By Sunni Brown Wilkinson

Featured art by 2 Bull Photography

Tonight is a rodeo night, the announcer blaring his bull
and clown doctrine so loud it carries two miles
east to our block, where just now a hummingbird
hawk-moth drinks from the pink phlox
with its long wand
and I’m alone for a moment and the sky
is bleeding itself out over the train tracks and the brick
abandoned factories. The lights
of the carpet store by the mall flicker carpe
and I wonder just what I can seize.
The homeless shelter bearing some saint’s name
fills up every night and spills
downtown next morning,
wings of strange creatures brush our flowers
while we sleep, and a hapless moose wanders
a schoolyard before it’s caught,
tranquilized. Everyone’s looking for it:
a warmth, a softness in the belly, in a bed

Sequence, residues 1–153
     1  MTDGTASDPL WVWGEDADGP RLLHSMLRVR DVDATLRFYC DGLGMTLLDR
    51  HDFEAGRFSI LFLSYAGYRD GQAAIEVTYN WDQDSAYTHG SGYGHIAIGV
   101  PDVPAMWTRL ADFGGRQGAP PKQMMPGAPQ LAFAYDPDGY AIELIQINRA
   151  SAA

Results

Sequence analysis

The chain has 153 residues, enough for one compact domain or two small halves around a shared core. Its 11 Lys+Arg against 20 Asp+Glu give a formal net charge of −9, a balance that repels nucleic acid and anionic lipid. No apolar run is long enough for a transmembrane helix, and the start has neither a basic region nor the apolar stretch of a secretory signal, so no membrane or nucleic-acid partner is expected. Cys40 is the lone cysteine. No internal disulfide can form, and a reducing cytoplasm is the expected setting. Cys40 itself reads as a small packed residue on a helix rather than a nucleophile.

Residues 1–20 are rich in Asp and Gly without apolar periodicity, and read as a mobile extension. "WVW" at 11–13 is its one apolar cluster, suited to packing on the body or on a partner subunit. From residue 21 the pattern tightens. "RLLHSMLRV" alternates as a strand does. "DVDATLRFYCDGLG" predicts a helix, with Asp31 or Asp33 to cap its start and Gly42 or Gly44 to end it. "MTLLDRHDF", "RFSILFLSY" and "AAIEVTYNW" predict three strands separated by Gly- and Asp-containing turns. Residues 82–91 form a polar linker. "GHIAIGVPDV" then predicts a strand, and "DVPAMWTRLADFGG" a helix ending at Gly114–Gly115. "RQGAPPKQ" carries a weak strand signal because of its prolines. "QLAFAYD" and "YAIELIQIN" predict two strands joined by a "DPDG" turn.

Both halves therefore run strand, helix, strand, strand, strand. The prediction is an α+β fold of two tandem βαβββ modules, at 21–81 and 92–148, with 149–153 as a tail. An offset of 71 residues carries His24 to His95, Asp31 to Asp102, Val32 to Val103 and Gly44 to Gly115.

of grass. Take it when you can. Seize it.

Lately sleep is a myth and my brain
is so hard-wired for worry my whole body
crackles, then a deep fog rolls in and all day
I’m lost. Unlike this moth, greedy in its guzzling,
drinking sweetness without asking,
and now the buzzer of the bull riding sounds.
I think of the grace of that single man,
one hand on the saddle
and the other a flag waving violently
above him. A wild show of surrender.

Some days it’s like this: one part
anchored while the other begs for mercy.
And some days it’s the other, the posture
he begins with: both hands together, holding tight.
Sometimes you hold your own hand.
That’s all there is to take.

Sunni Brown Wilkinson’s poetry can be found in Western Humanities Review, Sugar House Review, Hayden’s Ferry Review, SWWIM, BODY, Crab Orchard Review and other journals. She is the author of The Marriage of the Moon and the Field and The Ache & The Wing (forthcoming). She also won New Ohio Review’s NORward Poetry Prize and the Joy Harjo Prize from Cutthroat Literary Magazine. She teaches at Weber State University and lives in Utah. 

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